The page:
On this particular occasion, none of the designated “chauffeurs” was available to take my Dad back to the house. So I was designated as the navigator so that he could drive himself home. But my presence was just needed toward the end of the 10-minute journey when he had to cross to the other side of the main road to enter an unpaved road that would lead to our house, to make sure that the way was clear of oncoming traffic because of his failing sight. I guess along the balance of the way he was more guided by his habitual instinct rather than actually being able to see clearly where he was going. And perhaps I was young and thrilled by the prospect of doing things alone with my Dad, I did not feel apprehension, but rather a sense of adventure. And that remains the only thing that I had done with my Dad, just the two of us against the world, and that’s how I remember it.
The other occasion is under a less than amicable circumstance. By then I was already studying in high school, in Singapore. While there, I lodged with my elder sister and brother in a condo housing near the top floor. Though I was on a scholarship, periodically my Dad would give me some extra money to help defray some of the living costs. During semester breaks, I would return to my hometown and relive the life that I had left behind: helping out in the business, and, yes, the ritual of filling up my Dad’s glass. When it’s time to return to school, I always bade good-bye to him (by then we had moved to the shop after reconstruction when a second was added to become living quarters.).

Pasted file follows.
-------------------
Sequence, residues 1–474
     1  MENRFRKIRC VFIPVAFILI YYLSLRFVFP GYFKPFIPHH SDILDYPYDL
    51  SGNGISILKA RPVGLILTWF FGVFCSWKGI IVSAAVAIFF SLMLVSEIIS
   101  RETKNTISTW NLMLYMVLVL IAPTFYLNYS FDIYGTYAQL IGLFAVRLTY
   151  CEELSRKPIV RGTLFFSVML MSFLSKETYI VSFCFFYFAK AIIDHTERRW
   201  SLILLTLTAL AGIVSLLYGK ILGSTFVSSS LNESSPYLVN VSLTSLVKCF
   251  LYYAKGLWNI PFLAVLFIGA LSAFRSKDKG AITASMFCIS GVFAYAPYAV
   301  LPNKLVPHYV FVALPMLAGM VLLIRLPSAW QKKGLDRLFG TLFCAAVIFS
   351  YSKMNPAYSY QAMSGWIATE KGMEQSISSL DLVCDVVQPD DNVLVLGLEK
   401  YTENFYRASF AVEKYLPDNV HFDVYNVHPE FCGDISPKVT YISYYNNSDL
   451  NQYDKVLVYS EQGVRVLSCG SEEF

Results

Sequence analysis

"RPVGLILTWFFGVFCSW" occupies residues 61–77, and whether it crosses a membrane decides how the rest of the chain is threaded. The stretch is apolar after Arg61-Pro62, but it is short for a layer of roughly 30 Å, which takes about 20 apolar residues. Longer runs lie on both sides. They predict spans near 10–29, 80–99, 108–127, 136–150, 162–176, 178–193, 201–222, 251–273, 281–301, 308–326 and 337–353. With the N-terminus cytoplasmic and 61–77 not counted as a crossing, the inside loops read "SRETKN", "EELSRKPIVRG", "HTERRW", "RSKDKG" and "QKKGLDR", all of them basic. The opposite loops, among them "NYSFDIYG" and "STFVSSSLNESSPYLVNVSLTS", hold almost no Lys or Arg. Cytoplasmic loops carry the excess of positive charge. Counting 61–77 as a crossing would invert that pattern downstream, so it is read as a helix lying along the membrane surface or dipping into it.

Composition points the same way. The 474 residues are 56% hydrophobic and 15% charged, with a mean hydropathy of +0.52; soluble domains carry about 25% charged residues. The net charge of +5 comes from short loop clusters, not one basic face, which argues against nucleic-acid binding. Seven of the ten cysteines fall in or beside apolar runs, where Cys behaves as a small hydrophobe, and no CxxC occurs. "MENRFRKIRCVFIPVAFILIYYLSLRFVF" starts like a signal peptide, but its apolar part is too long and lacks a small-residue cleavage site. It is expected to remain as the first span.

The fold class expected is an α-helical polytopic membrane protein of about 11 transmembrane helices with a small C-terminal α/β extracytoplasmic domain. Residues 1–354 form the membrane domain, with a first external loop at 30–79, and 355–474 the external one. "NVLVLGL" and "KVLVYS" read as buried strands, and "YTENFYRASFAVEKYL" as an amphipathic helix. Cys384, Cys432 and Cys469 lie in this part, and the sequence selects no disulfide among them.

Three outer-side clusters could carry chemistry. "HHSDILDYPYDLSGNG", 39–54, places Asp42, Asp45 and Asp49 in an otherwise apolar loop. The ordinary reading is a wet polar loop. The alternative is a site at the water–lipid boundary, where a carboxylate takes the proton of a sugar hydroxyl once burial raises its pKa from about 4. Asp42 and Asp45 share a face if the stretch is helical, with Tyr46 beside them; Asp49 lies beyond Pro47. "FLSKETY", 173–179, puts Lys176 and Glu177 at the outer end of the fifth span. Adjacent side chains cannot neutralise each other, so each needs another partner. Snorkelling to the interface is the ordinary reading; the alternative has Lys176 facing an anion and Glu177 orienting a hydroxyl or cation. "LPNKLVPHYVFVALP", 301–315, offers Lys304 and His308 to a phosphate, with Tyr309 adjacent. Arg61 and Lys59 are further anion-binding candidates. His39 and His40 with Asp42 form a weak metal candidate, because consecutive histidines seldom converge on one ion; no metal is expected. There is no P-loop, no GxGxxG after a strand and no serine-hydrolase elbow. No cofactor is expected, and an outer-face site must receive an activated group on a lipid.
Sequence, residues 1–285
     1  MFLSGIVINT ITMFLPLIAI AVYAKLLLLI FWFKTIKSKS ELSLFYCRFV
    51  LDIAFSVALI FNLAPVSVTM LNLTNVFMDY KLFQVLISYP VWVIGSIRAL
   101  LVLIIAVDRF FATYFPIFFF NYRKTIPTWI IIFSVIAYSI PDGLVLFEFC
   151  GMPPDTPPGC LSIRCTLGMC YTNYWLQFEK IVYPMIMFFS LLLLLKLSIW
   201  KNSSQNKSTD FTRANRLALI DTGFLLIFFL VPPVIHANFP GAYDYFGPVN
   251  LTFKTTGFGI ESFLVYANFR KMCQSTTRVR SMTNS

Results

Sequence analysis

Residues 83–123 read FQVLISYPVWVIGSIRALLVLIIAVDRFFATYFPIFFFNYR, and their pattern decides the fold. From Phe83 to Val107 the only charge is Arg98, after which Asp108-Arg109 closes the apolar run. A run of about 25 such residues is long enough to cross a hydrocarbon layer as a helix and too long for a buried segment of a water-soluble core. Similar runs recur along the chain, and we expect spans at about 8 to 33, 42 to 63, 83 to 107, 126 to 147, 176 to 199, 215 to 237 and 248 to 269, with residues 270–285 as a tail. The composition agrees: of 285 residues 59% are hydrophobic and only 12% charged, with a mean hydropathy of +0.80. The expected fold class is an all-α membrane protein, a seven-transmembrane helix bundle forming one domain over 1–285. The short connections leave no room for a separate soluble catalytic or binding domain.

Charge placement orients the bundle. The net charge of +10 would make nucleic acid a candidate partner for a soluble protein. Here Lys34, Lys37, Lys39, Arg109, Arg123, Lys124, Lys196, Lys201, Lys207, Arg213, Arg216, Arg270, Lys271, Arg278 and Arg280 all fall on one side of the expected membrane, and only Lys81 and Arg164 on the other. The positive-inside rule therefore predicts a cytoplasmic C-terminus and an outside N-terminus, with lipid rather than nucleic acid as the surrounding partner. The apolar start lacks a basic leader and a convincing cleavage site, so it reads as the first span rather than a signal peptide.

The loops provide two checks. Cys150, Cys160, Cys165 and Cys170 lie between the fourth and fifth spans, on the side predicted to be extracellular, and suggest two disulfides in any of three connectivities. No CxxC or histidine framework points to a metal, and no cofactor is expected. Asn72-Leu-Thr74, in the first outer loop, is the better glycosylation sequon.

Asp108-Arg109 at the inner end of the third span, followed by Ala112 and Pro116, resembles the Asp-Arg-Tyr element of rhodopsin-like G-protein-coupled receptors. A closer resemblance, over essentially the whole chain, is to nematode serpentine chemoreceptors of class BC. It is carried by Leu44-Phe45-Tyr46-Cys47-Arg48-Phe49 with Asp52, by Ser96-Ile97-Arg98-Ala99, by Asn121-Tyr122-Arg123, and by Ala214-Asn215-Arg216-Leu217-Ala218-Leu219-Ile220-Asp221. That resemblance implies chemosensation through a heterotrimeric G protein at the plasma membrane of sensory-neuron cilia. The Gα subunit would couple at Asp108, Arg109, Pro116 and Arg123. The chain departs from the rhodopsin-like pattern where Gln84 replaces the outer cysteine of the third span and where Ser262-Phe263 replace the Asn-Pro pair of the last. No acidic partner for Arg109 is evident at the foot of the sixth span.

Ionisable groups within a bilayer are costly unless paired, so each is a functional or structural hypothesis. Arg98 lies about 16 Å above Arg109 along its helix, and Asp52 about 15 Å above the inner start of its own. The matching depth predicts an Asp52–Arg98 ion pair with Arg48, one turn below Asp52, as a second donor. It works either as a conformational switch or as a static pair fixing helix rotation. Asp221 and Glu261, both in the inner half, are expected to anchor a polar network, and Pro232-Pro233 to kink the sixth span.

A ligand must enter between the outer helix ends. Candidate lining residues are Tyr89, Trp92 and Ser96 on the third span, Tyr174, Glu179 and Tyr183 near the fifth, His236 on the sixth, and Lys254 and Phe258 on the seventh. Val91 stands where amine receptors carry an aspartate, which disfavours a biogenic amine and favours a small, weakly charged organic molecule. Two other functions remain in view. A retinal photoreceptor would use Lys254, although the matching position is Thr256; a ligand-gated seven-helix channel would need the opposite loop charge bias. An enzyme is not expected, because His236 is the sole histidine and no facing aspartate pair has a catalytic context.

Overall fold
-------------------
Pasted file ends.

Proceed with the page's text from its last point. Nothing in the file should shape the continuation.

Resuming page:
On one of these occasions, I forget what the precipitating matter was, only that I walked off in a huff, never even getting the money that was put on the table by my Dad. And I had just enough money in me then for the bus ride to Singapore. I knew I would be in dire straits, financially, having being severed from the paternal support (which obviously was the natural consequence when one walked away from the family, and so I thought) that I had assumed would be coming no matter what, and I remember consoling myself that I would worry about that when tomorrow comes. You know, one of those naïve moments when you think nothing can touch you, and how bad can it get, driven along by that blind ego when things do not go your way, until reality hits. Luckily for me the reality did hit, but not as I had expected.
That evening, while I was pondering my seemingly bleak future at the dining table in my brother’s flat, all alone, a knock came through the door. My other elder brother, who lived on a lower floor on the same block, walked in with money and laid it on the dining table, saying, “this is from Dad.” Apparently, my Dad had called him from my hometown and to get him to pass over the money. And then I felt it: Dad would never abandon me no matter how strong our differences are. I was an impulsive brat, so consumed in my wants that I never gave my Dad a chance to explain his reason for the disagreement.
And I never had the courage to say thank you to him, even though opportunities abounded. And for that, this regret will always stay with me.
Dad passed away when I was a junior in a local university. And I was not even at his bedside when he departed (the university was about 200 miles away). But I would cherish my memory of him. May he rest in peace.